The conflict between engagement in history and retirement from it is one of the poem's major concerns, directly determined by the actual workings of history within Marvell's experience; in 1651, General Lord Fairfax decided to retire from political engagement in the Commonwealth and retreated to Nunappleton House. One of the problems with which the poem wrestles is whether or not this is a laudable idea. The nun eloquently represents the wrong kind of retirement, hypocritical and self-indulgent. Although the mock-epic triumph of Fairfax ridicules and easily defeats the threat posed by the nuns themselves (lines 249-72), the speech of this singular nun is not so readily dismissed. Her temptation is successful; Thwaites enters the nunnery, and Fairfax cannot persuade her to come out. His speech has no effect on Thwaites at all: "Oft, though he knew it was in vain, / Yet would he valiantly complain" (lines 201-2). Fairfax can only defeat the nun's rhetoric with physical force--by changing the arena of contentio n.

Although the nun can disrupt from her position outside the social norm, her rebellion is doomed before she begins to speak; in the world of the poem's principal speaker, it has already been defeated--even in his indignant sympathy with Fairfax, the speaker knows who triumphed because the evidence is all around him. Nunappleton House is no longer a cloister, but the home of Fairfax's descendants; patriarchy won the struggle for Thwaites, and she caine indeed to a heterosexual marriage bed: "From that blest Bed the Heroe came, / Whom France and Poland yet does fame" (lines 281-2). When Fairfax breaks the boundaries of the cloister, the nuns have no power over him: "But, waving these aside like Flyes, / Young Fairfax through the Wall does rise" (lines 257-8). He wins back his bride from the vice-ridden community of women, and history can progress in triumph--except for the curious matter of Thwaites's tears.

Thwaites's last appearance in the poem comes at the apogee of Fairfax's mock epic: "truly bright and holy Thwaites / That weeping at the Altar waites" (lines 263-4). Her tears are neither explained nor much heeded. The emphasis at this point is entirely on Fairfax and his assertion of his patriarchal rights: "But the glad Youth away her bears, / And to the Nuns bequeaths her Tears" (lines 265-6). Yet Thwaites does weep, whether her tears are of repentance or grief, and the incomprehensibility of her crying is itself a small pinprick of disruption in Fairfax's heroic destiny.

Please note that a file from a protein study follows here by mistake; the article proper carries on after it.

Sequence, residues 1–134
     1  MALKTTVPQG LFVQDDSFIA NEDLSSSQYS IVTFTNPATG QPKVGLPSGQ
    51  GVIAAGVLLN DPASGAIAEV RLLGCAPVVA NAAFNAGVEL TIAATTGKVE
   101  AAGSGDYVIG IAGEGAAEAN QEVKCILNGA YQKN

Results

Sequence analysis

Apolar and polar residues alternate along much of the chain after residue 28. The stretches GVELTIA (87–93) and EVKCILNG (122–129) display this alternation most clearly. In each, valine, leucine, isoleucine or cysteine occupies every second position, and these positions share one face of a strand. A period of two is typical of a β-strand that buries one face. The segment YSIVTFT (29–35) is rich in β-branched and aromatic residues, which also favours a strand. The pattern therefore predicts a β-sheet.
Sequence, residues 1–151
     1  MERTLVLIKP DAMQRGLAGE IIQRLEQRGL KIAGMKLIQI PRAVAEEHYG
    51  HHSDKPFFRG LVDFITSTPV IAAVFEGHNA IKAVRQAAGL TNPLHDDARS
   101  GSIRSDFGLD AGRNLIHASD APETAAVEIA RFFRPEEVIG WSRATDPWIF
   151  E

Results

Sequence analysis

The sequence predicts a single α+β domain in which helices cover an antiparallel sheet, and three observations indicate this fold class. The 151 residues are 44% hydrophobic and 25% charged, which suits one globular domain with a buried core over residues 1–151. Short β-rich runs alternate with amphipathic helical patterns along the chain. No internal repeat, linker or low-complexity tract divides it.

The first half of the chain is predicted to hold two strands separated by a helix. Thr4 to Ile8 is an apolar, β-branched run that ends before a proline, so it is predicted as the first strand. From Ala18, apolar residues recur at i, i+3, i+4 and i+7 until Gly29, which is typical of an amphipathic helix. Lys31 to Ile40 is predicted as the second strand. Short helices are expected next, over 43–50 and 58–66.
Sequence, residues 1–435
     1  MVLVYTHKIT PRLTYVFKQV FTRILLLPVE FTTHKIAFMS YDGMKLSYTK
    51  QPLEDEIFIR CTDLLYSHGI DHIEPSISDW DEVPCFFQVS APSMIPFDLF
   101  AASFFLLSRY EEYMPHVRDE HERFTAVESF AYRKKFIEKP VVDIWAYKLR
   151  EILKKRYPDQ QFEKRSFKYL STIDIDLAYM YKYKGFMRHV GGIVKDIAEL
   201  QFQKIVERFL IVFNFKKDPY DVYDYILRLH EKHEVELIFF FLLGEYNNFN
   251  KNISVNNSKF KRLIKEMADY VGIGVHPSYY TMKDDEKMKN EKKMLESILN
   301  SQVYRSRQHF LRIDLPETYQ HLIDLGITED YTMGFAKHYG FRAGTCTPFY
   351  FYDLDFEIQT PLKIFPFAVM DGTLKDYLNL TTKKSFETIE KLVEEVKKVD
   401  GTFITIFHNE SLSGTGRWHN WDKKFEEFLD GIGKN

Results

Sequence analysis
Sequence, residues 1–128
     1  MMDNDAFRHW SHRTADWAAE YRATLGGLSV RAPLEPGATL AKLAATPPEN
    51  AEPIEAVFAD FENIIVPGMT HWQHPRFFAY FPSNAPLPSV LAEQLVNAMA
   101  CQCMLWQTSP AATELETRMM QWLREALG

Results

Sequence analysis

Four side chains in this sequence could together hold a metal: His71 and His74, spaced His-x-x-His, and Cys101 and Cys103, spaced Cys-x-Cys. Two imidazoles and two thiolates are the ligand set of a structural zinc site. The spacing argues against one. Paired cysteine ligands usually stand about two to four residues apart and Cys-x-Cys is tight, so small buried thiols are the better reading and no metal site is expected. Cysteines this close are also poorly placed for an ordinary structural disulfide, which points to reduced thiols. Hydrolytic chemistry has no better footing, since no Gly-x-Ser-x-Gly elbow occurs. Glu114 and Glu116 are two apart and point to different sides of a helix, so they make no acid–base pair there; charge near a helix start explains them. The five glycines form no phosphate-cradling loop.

These opaque tears are the only form of expression given to Thwaites, who otherwise simply serves as a pawn in the multivalent struggle between Fairfax and the nuns. (22) Although her tears have none of the persuasive power of the nun's speech or the metatextual force of Thestylis's, they do register Thwaites as a subject, outside the objectified uses made of her by the combatants for her land. She is a person, not merely a mobile metonym for Nunappleton House; she has a subject position of her own, although she is never given the words with which to explain it. Even granted expression (i.e., her tears), she is still silenced.

These wordless tears point to an important aspect of normative femininity in Upon Appleton House. Only females who are already somehow aberrant, the nun and the classically derived cook, can speak against the patriarchal and historical forces at work in the poem. Upper-class virgins may weep, but they cannot put their objections, if they have them, into speech; they cannot divert or even protest the destiny appointed to them.

This is why the nun is so dangerous. She disrupts the course of the poem by presenting an alternative to its poetic representation of history. Thwaites is not the only one in danger of being seduced. Although Holstun ably identifies the erotic nature of the nun's speech, he argues that it is not a threat to the patriarchal order because "it depends utterly on a certain economic and institutional configuration. When that configuration changes, it can be absorbed without trauma into the Protestant household that replaces it." (23) This narrowly historical view ignores the very real threat the nun poses to the poem through the vision of erotic retirement from history for which she speaks. It is a mistake to see the nun as nonthreatening simply because of her ultimate failure.